Optic Neuritis

Optic Neuritis

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Optic Neuritis

The optic nerve sends messages from your eyes to your brain so that you can interpret visual images. When the optic nerve is irritated and inflamed, it doesn’t carry messages to the brain as well, and you can’t see clearly. Optic neuritis occurs when swelling (inflammation) damages the optic nerve

Inflammatory optic neuropathy is strongly associated with demyelinating disease (typical optic neuritis), particularly multiple sclerosis but also acute disseminated encephalomyelitis. It also occurs in sarcoidosis; in neuromyelitis optica spectrum disorder, which is characterized by serum antibodies to aquaporin-4; in association with serum antibodies to myelin oligodendrocyte glycoprotein; following viral infection (usually in children); in varicella zoster virus infection; in various autoimmune disorders, particularly systemic lupus erythematosus and Sjögren syndrome; during treatment with biologics; and by spread of inflammation from the meninges, orbital tissues, or paranasal sinuses.


Optic neuritis usually affects one eye. Symptoms might include:

Pain: Most people who develop optic neuritis have eye pain that’s worsened by eye movement. Sometimes the pain feels like a dull ache behind the eye.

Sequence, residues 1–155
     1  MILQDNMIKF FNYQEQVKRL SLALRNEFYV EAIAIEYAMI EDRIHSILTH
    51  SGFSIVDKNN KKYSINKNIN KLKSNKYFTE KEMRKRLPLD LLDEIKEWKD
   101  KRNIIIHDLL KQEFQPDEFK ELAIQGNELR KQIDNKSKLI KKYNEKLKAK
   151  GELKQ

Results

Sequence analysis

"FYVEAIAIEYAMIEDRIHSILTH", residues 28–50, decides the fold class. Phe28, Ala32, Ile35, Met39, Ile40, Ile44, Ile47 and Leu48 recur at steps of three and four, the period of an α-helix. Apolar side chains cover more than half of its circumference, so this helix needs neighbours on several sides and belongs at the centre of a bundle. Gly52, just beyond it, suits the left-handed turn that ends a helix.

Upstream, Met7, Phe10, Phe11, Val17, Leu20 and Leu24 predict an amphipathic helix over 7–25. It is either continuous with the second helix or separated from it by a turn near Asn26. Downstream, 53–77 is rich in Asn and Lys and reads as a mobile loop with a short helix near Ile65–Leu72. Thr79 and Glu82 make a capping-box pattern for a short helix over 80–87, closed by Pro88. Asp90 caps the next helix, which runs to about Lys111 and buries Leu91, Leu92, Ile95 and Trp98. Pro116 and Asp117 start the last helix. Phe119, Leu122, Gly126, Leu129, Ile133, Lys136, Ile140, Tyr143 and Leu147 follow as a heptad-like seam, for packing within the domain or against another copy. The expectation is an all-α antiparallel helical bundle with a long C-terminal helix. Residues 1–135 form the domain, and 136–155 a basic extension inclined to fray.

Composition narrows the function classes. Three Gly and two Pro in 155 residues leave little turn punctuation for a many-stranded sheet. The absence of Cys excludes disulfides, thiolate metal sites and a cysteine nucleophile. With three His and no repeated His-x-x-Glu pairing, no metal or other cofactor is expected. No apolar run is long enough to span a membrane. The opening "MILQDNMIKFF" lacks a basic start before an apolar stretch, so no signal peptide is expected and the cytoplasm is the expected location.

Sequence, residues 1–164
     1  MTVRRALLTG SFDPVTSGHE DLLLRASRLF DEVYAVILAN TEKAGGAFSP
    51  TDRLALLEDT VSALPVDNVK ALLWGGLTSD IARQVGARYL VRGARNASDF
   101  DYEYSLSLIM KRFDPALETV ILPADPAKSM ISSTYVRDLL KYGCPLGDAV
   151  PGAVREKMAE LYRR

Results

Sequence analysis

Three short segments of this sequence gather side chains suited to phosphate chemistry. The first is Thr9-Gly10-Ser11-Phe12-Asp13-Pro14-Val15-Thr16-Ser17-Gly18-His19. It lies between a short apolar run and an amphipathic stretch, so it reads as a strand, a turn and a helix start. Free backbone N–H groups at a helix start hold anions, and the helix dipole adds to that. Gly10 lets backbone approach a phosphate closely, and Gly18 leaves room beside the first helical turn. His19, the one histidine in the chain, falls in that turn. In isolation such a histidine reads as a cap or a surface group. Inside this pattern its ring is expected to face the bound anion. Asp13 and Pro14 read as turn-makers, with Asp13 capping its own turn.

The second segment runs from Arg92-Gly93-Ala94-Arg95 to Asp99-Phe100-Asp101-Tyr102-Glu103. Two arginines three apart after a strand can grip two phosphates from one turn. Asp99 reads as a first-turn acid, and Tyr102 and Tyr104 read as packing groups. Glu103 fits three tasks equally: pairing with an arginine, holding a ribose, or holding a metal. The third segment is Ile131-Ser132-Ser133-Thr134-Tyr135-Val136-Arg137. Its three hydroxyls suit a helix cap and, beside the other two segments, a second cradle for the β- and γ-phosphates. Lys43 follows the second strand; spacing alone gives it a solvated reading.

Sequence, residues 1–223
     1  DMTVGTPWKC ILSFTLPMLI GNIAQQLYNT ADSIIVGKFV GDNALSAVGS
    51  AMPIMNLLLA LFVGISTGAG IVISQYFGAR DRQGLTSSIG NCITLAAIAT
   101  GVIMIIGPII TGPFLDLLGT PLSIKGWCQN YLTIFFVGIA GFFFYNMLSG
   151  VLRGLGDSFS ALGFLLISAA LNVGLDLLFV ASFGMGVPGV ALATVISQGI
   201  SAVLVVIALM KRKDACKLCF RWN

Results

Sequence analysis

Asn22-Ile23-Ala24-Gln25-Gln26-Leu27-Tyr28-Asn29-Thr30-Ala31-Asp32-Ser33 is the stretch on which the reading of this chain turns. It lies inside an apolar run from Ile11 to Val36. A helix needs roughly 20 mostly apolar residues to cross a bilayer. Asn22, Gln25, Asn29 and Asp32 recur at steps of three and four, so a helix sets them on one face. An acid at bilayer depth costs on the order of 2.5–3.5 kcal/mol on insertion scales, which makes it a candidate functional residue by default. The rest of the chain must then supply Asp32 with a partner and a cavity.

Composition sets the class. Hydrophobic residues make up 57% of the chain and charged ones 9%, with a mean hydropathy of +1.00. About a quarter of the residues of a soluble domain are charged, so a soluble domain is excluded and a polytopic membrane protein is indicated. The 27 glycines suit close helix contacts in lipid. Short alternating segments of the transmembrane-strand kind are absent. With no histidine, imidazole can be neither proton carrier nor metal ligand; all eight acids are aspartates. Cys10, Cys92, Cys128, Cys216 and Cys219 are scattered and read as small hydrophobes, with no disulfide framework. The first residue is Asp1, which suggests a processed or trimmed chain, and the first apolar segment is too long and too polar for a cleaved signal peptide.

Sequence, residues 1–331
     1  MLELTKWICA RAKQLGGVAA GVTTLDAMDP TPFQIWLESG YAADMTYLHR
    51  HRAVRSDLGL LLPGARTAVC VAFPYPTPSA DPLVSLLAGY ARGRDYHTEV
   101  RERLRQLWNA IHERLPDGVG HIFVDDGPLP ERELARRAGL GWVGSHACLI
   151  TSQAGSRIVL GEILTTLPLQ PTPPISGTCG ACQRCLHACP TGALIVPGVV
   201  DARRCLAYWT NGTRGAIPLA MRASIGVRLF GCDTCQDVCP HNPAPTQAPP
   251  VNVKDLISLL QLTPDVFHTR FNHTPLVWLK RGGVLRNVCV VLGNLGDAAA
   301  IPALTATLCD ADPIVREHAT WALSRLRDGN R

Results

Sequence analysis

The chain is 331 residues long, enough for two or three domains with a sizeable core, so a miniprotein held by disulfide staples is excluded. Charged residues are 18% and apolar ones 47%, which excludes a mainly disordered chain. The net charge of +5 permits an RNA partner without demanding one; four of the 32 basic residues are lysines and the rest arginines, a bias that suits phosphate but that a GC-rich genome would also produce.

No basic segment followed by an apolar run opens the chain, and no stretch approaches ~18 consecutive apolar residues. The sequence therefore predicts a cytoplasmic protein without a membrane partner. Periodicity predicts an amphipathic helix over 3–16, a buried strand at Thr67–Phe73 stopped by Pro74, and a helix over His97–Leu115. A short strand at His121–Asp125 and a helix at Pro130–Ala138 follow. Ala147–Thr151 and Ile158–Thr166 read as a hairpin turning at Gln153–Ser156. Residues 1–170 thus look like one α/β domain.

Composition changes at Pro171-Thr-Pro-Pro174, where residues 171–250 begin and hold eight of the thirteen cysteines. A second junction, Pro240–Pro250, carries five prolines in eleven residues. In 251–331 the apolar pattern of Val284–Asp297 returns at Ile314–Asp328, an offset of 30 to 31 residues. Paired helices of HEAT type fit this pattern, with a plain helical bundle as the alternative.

Vision loss in one eye: Most people have at least some temporary reduction in vision, but the extent of loss varies. Noticeable vision loss usually develops over hours or days and improves over several weeks to months. Vision loss is permanent in some people.

Visual field loss: Side vision loss can occur in any pattern, such as central vision loss or peripheral vision loss.

Loss of color vision: Optic neuritis often affects color perception. You might notice that colors appear less vivid than normal.


Flashing lights: Some people with optic neuritis report seeing flashing or flickering lights with eye movements.


In acute demyelinating optic neuritis, intravenous methylprednisolone (1 g daily for 3 days followed by a tapering course of oral prednisolone) has been shown to accelerate visual recovery, although in clinical practice, the oral taper is not often prescribed and oral methylprednisolone may be used. Use in an individual patient is determined by the degree of visual loss, the state of the fellow eye, and the patient’s visual requirements. Phenytoin and amiloride may be neuroprotective in typical optic neuritis.

Atypical optic neuritis due to sarcoidosis, neuromyelitis optica, herpes zoster, or systemic lupus erythematosus generally has a poorer prognosis, requires immediate and more prolonged corticosteroid therapy, may require plasma exchange, and may necessitate long-term immunosuppression.


Among patients with a first episode of clinically isolated optic neuritis, multiple sclerosis will develop in 50% within 15 years but the visual and neurologic prognoses are good. The major risk factors are female sex and multiple white matter lesions on brain MRI.

Many disease-modifying drugs are available to reduce the risk of further neurologic episodes and potentially the accumulation of disability but each has adverse effects that in some instances are life-threatening. Fingolimod is associated with macular edema. Retinal nerve fiber layer optical coherence tomography quantifies axonal damage that can be used to monitor disease progression.

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